From Sanctification to Demonization – A short History of Hemp Products in america

Cannabis oil for seizures: Research, benefits, and how to use

Until the 20th century, there was no debate about the value of hemp and its derivatives. They used paper made from hemp to print the King James Bible and cloth made from hemp to sew the American flag. Doctors routinely prescribed medicines made from hemp oil to treat a variety of illnesses. Although the plant was freely available Buy THC Vape Juice Australia and the authorities actually encouraged its cultivation, there was never a drug problem, real or imagined, associated with its use. What changed and why?

The beginning of the end came for both hemp fiber and medical marihuana in 1930 with the formation of the Federal Bureau of Narcotics. During his first years of tenure, the director of the FBN, Harry J. Anslinger was more interested in creating and enforcing laws related to the distribution and use of opiates. In 1934, however, he changed his tune and under his orders, the FBN began an extensive anti-marijuana propaganda program.

There are several theories about why Anslinger made marijuana the focus of his War on Drugs when there were addictive drugs like heroin that logically would have made better targets. One of the strongest theories revolves around the fact that hemp as an industrial cash crop was threatening the interests of the Dupont Corporation and William Randolph Hearst. Dupont had a monopoly on producing the chemicals necessary for making paper from trees but no investment in the rapidly growing hemp paper industry. Hearst, who had a huge financial stake in timber forests and paper mills, was concerned about competition from hemp paper manufacturers.

Be that as it may, the lurid stories of depravity and violence that the Hearst newspapers and other media published during this period had their desired effect and the remarkable medicinal qualities of marijuana became completely overshadowed by its imagined dangers. The government passed the Marihuana Tax Act of 1937 with little difficulty, thanks largely to its successful cannabis smear campaign. With the added burden of a heavy tax, hemp became too expense to produce as an industrial crop and the outlawing of its distribution made it impossible to legally use for medical purposes. From there, it was just a short step to criminalizing its use for any purpose whatsoever.

The first three decades of the 1900’s were bad years for medical marijuana in other ways, as well. The 1908 Flexner Report recommended that only schools that taught allopathic medicine and biomedicine (theoretical medicine) be allowed to offer university degrees in the medical sciences. As a result, by 1935, the number of medical schools in america halved and the teaching and study of plant based medicines virtually ended. In effect, the Flexner Report led to the sanctification of the pharmaceutical industry and the relegation of plant-based medicine to the realm of ineffective “folk medicine. “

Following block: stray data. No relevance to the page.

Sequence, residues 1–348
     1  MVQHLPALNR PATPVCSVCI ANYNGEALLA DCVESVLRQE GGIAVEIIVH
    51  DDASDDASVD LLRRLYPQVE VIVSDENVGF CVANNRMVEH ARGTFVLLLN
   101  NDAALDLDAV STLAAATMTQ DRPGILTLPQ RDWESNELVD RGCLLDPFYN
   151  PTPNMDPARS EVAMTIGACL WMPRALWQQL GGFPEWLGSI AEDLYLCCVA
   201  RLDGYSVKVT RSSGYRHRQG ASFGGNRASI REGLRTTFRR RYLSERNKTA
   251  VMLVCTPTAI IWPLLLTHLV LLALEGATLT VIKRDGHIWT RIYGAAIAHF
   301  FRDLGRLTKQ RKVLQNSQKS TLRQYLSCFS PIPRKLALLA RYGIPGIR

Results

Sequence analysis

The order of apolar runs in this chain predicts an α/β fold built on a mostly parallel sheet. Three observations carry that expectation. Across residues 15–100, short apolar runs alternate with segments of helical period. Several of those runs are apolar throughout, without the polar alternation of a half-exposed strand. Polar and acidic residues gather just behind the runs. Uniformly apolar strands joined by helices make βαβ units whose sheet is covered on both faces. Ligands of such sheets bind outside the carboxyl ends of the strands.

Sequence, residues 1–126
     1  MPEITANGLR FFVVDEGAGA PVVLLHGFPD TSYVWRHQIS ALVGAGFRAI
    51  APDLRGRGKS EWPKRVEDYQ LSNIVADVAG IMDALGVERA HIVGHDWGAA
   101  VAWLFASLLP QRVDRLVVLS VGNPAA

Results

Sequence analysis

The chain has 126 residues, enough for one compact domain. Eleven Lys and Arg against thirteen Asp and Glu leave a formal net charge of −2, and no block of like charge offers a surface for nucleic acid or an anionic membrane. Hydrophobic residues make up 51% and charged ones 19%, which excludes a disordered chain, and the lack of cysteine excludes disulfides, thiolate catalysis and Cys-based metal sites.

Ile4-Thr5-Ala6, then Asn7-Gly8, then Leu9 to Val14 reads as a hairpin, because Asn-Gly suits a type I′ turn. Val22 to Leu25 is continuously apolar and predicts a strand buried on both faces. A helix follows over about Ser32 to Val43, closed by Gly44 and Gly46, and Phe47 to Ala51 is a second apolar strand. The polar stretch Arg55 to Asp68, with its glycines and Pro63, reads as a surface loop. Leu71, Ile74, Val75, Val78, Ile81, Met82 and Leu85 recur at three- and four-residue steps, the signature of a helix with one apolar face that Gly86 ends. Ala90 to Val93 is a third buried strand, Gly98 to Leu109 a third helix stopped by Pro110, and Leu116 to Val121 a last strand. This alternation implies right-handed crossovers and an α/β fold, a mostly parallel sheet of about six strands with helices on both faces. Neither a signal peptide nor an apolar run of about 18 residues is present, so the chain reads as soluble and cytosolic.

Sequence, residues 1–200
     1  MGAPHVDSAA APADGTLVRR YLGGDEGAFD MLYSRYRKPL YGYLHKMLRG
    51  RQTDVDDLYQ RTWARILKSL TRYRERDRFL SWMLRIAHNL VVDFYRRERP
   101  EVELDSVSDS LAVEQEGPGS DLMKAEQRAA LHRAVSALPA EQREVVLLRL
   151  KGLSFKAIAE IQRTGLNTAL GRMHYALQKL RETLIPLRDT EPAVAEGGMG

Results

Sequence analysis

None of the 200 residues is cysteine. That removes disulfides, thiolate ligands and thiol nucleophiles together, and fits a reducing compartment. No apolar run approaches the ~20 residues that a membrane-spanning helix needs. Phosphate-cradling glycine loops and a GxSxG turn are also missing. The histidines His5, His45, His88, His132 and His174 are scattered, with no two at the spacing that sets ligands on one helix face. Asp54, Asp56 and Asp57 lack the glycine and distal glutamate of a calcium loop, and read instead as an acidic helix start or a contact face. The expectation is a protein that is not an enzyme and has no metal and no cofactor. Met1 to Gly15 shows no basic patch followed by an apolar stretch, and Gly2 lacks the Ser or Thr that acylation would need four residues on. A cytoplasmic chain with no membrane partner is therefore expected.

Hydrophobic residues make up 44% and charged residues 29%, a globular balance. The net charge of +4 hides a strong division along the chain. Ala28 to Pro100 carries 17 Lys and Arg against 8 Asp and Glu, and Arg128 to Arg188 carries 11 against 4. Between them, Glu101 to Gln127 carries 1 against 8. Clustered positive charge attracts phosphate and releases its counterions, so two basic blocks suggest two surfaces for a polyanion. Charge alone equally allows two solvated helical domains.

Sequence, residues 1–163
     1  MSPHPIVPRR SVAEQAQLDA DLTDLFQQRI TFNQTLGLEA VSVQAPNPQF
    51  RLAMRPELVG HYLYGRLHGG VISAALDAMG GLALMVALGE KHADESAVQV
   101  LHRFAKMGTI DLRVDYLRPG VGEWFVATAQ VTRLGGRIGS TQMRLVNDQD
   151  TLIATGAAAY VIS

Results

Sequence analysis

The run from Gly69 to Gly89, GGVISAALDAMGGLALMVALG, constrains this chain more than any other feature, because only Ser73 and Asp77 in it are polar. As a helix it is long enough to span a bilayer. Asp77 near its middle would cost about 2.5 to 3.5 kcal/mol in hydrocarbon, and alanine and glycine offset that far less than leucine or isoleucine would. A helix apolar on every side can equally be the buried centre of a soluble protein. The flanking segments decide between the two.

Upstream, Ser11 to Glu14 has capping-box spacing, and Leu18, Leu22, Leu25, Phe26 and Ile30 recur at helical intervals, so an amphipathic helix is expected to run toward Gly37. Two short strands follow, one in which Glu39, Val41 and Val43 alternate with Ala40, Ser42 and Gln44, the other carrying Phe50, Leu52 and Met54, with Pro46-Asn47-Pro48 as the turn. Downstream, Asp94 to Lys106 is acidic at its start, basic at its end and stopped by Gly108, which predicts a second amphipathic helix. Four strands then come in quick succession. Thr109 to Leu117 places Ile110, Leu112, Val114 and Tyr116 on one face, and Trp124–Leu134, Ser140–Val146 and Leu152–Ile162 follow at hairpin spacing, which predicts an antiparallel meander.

Agriculture has had to change to keep pace with the ever changing needs of the world’s peoples. Some crops, for a variety of reasons, became less favorable to farmers and were not produced in many places; one such victim of reduced demand was the Hemp plant, where governmental policy affected the market. For many hundreds of years, maybe thousands, hemp was grown in many countries as a major agricultural product. Production of hemp was illegal in many major producing countries which left a resulting big gap in the availability of fiber in world trade, so other crops had to be found and cotton seemed to fit the bill.

One of the reasons is that hemp was once viewed as a dangerous psychoactive drug and its other uses were ignored. Bad press about the psychoactive versions and poor education did nothing to help which led some governments in large producing nations to abandon the hemp plant completely.

Hemp with a high psychoactive content turned out to be a good treatment for a number of the symptoms of some common disorders; and the predictions of its destructive and addictive potential were far over exaggerated. What has transpired is that alcohol, heroin, cocaine and tobacco are all far more insidious and damaging to society. Producing cannabis was banned in the 20th century while at the same time opium could be bought openly.

With government attitudes being changed by better education and research, hemp production is now actively encouraged again. Farmers are realizing the potential of hemp crops so production of non-THC hemp is on the rise. The industry has been positively affected by this changing attitude and as a result this versatile crop can be used in many industrial applications including plastics and building composites. It also provides fiber for clothing and fabrics, plus an important part of the cropped plant – hempseed.

The total protein content of hempseed oil is edestin, a useful globular protein. The blood plasma protein found in large amounts in the body globulin is very similar to edestin. This makes this particular protein very easy for the human body to assimilate. Our bodies use edestin to produce toxic agents that reduce toxins in the body – for anyone with kidney issues, this can be a great boost.

Albumin is another protein found in hempseed oil. Easy to digest and absorb, this protein is a valuable controller of potentially damaging free radicals. These are reasons why hemp protein has proved popular among athletes. The ratio of omega6 to omega 3 is 3: 1 which is the exact ratio that the human body needs for a natural balance. Unique to hempseed this property is not found in any other natural products – there are no known alternatives in the natural world that have this “golden” ratio and of all the fatty acids that the human body needs, these are the most essential.

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